We are reminded here of one of the most captivating aesthetic ideas prevalent in the Japanese culture: the concepts of MA 間 (space in-between, gap, pause), MU 無 (nothingness, without) and KU 空 (sky, open space). There is more air than a substance in these depictions, forming a rhythm, which create something of a photographic haiku. This recounts Roland Barthes’ words from the Camera Lucida that ‘the air (…) is a kind of intractable supplement of identity (…): the air expresses the subject’. Shadows, reflections and suggestions of something otherworldly make these vignettes mesmerizing and pertinent. We all dream of uninhabited places and remember mere scraps of events. We all forget what, who and where, but recollect only a feeling of the space we experienced for a brief moment: the rustle of the twigs, the swoosh of the cuckoo’s wings, the sound of the footsteps, and komorebi (木漏れ日) – light filtered through the leaves on the trees. Thus, the artist asks ‘Where did the peacocks go?’ and I am tempted to respond, ‘Are the peacocks real?’. Truth is liquid.

 

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Aside the dreaminess and painterly qualities so satisfying for the eye, these images posses an uncanny feel of something lost, which Kajioka captures in a collection of words included in her new photobook And Where Did the Peacocks Go?. It is a diary with no dates; just an imprint of the moment, poetic and vivid:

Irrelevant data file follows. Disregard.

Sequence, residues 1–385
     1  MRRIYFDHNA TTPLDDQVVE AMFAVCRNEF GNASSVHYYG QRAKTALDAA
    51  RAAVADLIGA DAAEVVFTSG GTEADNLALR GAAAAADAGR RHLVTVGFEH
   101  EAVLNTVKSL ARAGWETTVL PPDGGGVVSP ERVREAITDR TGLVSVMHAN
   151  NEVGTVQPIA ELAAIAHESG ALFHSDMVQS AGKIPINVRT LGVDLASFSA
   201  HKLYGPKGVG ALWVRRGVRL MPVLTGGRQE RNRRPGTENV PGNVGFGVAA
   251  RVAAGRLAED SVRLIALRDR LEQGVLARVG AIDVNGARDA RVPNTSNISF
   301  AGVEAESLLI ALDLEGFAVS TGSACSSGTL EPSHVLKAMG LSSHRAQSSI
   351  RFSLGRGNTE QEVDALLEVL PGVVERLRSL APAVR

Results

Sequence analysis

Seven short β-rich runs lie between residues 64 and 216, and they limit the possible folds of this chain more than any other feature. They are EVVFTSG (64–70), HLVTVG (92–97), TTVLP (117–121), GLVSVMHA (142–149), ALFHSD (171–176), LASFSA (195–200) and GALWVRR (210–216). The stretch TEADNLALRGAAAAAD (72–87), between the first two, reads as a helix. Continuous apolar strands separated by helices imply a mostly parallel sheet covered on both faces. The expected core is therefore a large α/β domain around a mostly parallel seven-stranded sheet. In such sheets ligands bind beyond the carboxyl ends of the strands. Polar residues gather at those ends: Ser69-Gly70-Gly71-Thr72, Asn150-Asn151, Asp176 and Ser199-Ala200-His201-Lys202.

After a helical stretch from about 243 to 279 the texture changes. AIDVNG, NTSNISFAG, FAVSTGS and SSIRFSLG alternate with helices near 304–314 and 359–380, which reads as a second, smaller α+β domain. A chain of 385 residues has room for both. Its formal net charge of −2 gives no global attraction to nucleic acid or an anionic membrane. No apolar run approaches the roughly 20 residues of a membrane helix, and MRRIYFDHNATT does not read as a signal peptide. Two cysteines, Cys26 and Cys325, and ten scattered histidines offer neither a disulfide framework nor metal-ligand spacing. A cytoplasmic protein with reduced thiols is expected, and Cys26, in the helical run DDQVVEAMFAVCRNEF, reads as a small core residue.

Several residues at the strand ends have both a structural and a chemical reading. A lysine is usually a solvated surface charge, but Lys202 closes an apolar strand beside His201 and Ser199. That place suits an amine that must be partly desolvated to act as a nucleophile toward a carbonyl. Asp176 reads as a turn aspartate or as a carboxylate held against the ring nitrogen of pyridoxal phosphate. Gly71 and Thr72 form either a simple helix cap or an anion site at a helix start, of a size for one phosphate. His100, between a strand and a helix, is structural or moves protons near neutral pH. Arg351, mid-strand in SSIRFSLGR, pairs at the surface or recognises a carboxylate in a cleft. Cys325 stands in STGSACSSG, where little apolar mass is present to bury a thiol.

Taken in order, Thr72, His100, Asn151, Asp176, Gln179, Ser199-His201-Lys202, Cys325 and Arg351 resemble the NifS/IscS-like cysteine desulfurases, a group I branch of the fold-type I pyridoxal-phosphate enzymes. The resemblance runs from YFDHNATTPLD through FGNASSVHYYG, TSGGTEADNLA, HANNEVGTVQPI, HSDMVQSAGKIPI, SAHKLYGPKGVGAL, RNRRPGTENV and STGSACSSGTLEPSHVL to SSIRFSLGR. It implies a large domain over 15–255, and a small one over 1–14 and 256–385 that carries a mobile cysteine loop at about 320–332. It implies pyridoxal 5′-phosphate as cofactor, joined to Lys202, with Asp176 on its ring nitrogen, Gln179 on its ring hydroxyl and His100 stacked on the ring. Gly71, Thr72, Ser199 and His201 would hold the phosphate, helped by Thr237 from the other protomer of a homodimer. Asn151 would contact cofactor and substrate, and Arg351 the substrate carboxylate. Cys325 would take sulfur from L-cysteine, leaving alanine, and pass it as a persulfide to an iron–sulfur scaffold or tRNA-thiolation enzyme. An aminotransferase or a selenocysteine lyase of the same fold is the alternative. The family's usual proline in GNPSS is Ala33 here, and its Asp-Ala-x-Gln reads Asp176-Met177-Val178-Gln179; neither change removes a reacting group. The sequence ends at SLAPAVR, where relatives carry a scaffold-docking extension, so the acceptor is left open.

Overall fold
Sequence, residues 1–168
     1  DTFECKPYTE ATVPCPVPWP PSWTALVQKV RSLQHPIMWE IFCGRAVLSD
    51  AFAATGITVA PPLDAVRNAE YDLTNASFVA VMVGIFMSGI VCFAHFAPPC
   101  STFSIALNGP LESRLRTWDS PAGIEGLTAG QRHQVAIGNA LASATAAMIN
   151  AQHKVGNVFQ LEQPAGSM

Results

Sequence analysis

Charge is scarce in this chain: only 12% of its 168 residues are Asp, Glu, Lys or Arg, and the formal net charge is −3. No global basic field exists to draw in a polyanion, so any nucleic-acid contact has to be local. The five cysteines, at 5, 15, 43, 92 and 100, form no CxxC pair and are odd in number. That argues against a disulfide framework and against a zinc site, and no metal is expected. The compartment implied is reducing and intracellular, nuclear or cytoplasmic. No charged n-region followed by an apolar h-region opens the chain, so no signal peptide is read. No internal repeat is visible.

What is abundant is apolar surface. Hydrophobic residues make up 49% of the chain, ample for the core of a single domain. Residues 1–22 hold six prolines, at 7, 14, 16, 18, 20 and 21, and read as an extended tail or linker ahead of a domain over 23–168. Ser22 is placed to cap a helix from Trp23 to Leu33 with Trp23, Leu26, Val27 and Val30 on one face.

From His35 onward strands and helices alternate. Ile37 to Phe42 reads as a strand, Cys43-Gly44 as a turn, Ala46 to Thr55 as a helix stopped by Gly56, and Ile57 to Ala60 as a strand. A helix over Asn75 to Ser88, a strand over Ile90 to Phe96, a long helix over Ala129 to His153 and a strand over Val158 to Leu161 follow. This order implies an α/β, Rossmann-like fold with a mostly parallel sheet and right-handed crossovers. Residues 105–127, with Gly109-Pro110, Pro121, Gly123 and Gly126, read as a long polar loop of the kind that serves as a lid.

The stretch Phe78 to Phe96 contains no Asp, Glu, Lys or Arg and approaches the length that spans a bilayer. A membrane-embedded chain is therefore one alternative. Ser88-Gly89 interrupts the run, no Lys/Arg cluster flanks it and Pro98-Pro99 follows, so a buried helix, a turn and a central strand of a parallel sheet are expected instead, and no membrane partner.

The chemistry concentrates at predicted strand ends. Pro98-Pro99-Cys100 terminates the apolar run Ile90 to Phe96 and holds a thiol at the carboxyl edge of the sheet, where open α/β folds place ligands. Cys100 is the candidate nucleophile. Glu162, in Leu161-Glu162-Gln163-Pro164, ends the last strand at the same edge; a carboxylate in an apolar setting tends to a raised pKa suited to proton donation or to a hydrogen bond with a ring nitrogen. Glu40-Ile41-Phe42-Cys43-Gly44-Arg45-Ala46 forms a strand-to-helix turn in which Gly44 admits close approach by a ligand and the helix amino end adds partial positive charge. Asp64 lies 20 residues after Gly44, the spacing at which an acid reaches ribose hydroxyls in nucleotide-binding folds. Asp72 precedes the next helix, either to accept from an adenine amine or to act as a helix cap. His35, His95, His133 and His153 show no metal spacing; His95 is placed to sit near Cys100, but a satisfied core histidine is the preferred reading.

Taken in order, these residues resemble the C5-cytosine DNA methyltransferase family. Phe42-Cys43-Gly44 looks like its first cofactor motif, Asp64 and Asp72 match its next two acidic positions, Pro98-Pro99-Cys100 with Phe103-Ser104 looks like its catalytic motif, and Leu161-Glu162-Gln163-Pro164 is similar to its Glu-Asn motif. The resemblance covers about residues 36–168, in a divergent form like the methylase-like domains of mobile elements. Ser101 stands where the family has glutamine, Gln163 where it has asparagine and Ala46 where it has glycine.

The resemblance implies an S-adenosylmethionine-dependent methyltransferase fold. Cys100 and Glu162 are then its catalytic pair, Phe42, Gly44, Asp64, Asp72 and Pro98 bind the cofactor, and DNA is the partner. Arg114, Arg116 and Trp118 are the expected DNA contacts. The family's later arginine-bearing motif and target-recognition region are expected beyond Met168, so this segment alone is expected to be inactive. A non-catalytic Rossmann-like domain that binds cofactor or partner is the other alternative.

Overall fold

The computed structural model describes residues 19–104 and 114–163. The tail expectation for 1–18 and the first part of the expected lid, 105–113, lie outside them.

Wave: She had never seen the beach so empty in August

Paper aeroplane: [empty]

Alice and the flower: Seven years ago Alice said good-by to her family in the north

 

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In the book, there are also thoughts on the post 3/11 reality and we learn from one of the entries that in the aftermath of the disaster, peacocks were seen abandoned in the evacuation zone, wandering aimlessly and confused. We also read that

Kindergarten: “Many of our friends moved away from here so I am a bit sad” Next to a kindergarten there was a temporary storage space for bags with contaminated soils 

Night in Tokyo: “According to the Czernobyl case we will start seeing the visible effects of radiation on human bodies from five years after the accident” a specialist said Then I walked in the glamorous Tokyo at night and felt dizzy with the contrasts

This adds another dimension to the reading of the photographs, which now become images of loss. Overexposed, the pictures hint to the effects of the radiation and detract from the sentimental setting by giving way to the silence after the catastrophe. Vonnegut was right, the history repeats itself and Japan was struck by a calamity once more, but the humanity persists and can be seen in Kajioka’s book filled with moments of grace and beauty. The lighthearted scenes of friends strolling in the park and the artists’ simple tricks with the photographic format confirm that all we can save from the flow of time are remnants of the day and the joy of living.

Miho Kajioka’s photographs are currently on display in Ibasho Gallery, Antwerp (9/Sept – 4/Nov).